If confession is good for the soul — a proposition about which I'm still unsure — I have to confess one more time to having once been a lawyer. Not that there's anything wrong with being a lawyer per se, which is a Latin phrase meaning "in itself."
Lawyers are, perhaps, the only people who still say per se. They use it because they can justify charging $500 an hour for spurious opinions if they sprinkle their conversations with Latin. I use it because I like italics and because some habits are hard to break. But I'd like to make it perfectly clear that Mr. Barnett doesn't pay me any more for using a dead language in my column.
As I was saying, there's nothing intrinsically wrong with being a lawyer. Many of them do good deeds and some of them are darned fine people. And, truth be told, much of the social stigma they carry stems from a gross misunderstanding of their role in the justice system, fostered by a group even more reviled — politicians — and people who have been fortunate enough to never need their services except in some perfunctory, clerical way.
Now I know this is going to sound cynical but you'll just have to trust me that it isn't meant to be and, if you've been roughed up by the rigours of legal training, it's really not cynical at all... just professionally amoral. Justice is a word we all use and think we know the meaning of. Justice is a noun that means, more or less, something that's, well, just, right, equitable, moral, lawful. It is a concept of morality based on ethics, natural law — whatever that is — equity and, in its most twisted incarnation, religion.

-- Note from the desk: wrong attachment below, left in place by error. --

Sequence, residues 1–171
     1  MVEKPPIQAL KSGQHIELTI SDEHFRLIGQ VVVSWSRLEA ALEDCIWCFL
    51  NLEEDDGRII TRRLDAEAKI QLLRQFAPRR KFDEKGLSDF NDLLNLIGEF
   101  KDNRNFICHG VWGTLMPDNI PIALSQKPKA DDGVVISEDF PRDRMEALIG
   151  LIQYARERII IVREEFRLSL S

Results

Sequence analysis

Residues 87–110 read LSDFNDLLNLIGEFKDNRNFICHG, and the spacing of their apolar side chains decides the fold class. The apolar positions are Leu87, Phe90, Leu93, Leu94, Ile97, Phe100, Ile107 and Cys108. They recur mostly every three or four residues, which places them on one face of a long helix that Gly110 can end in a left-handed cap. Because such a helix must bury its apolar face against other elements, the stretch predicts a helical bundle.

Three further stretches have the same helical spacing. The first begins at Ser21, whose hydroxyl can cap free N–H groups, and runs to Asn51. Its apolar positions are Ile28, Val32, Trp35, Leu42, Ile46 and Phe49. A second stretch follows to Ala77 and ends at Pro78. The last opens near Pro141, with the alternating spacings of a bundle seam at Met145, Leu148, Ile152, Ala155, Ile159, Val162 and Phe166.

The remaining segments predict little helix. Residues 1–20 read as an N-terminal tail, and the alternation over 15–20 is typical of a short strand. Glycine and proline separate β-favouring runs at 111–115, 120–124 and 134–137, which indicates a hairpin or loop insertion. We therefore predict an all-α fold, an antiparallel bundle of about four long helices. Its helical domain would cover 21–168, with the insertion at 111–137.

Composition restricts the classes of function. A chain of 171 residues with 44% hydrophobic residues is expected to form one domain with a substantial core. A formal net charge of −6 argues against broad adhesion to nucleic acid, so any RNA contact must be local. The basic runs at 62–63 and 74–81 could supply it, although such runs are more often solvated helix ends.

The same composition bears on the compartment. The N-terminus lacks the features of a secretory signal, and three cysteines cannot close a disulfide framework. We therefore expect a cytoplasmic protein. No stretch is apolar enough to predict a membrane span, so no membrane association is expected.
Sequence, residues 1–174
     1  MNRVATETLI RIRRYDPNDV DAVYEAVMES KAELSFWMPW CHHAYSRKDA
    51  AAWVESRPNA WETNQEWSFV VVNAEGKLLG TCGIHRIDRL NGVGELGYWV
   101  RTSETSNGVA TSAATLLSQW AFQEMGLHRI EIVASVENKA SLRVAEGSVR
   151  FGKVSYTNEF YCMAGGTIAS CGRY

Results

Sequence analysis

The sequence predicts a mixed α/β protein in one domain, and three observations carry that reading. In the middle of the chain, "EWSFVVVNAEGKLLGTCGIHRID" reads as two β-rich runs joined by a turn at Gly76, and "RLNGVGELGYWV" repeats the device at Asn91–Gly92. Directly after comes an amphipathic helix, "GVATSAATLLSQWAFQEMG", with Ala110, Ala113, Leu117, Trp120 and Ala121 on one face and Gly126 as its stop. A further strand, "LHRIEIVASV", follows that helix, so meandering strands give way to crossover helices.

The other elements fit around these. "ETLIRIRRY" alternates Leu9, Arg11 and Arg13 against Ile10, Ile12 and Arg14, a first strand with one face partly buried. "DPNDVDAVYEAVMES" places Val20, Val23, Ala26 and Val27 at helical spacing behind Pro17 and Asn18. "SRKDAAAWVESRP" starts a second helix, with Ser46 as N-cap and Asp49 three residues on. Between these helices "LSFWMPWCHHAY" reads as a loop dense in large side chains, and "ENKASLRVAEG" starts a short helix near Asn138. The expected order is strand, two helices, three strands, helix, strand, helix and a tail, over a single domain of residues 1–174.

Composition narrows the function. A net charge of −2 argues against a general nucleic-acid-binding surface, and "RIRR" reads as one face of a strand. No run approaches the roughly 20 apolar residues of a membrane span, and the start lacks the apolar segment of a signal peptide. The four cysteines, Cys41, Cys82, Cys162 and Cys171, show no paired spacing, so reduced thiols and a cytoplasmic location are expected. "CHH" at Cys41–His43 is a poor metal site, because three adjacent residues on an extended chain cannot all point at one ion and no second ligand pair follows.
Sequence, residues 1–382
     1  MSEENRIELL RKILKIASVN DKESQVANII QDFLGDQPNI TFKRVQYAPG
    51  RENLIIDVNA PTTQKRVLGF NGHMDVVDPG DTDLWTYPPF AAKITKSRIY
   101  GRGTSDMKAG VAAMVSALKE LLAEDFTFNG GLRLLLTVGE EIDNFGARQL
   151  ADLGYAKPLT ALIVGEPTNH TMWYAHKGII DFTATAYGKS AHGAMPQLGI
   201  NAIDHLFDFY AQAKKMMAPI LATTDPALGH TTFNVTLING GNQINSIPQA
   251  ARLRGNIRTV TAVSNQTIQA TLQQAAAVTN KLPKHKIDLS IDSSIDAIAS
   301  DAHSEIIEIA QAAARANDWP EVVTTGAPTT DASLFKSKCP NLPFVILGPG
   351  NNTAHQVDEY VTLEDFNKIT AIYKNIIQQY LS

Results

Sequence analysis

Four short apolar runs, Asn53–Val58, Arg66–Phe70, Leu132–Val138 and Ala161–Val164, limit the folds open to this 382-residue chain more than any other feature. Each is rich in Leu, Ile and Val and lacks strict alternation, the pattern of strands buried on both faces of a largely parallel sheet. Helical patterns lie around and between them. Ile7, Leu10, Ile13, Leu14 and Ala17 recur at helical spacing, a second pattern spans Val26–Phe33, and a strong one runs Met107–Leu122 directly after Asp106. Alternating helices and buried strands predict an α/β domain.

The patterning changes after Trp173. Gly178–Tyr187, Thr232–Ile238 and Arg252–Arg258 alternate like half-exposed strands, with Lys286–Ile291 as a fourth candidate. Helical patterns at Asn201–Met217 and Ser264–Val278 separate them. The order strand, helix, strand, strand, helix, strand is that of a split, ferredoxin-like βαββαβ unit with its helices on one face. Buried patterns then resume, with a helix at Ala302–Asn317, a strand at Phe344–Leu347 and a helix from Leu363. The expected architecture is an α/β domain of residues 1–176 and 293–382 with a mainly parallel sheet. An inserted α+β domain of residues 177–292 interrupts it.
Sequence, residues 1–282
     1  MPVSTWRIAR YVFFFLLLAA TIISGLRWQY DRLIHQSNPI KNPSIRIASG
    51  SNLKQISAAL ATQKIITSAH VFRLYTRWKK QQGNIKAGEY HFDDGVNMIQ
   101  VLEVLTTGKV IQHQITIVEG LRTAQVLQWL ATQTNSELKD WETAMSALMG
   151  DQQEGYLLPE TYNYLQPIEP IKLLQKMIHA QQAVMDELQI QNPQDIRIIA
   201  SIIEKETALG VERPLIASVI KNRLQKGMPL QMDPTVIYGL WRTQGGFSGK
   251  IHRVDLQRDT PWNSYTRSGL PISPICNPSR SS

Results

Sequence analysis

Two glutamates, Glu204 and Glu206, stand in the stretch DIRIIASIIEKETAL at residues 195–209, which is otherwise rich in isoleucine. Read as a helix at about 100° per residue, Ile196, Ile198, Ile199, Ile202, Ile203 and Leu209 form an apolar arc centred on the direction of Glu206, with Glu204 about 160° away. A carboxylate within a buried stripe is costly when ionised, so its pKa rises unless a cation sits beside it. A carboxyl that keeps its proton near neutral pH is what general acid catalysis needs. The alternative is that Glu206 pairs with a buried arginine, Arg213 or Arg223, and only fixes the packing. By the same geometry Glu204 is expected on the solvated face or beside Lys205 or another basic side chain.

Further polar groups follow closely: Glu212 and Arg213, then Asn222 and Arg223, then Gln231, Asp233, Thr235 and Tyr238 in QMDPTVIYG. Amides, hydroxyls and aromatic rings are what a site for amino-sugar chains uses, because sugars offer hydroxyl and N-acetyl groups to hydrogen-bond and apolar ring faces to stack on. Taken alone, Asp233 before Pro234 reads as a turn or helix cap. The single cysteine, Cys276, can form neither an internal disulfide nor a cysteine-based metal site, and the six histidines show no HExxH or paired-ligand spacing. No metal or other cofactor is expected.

But justice is jargon in the legal trade. There's nothing pejorative about jargon, it's just ordinary words that have a special context within a given profession. All professions employ jargon both as shorthand and as mystery, in much the same way all exclusive clubs have secret handshakes and bizarre initiation rites.
Justice in the legal profession is a derivative term. Justice is what you end up with if two sides go to court, engage in battle, adhere to the rules of civil or criminal procedure and have a judge or jury render a verdict. Justice is the result. Whether the result is right or wrong — whatever those terms mean — is meaningless. Justice was done when the game comes to an end.
Hmmm... okay, even I have to admit that does sound cynical. Doesn't change the fact that it's true though.
Before, and for a long time during my legal education, I thought there was a precision to the law, a rationality to precedent that stood outside the temporal notions of right and wrong and could, with sufficient study, be divined from the often stilted language of legal opinions.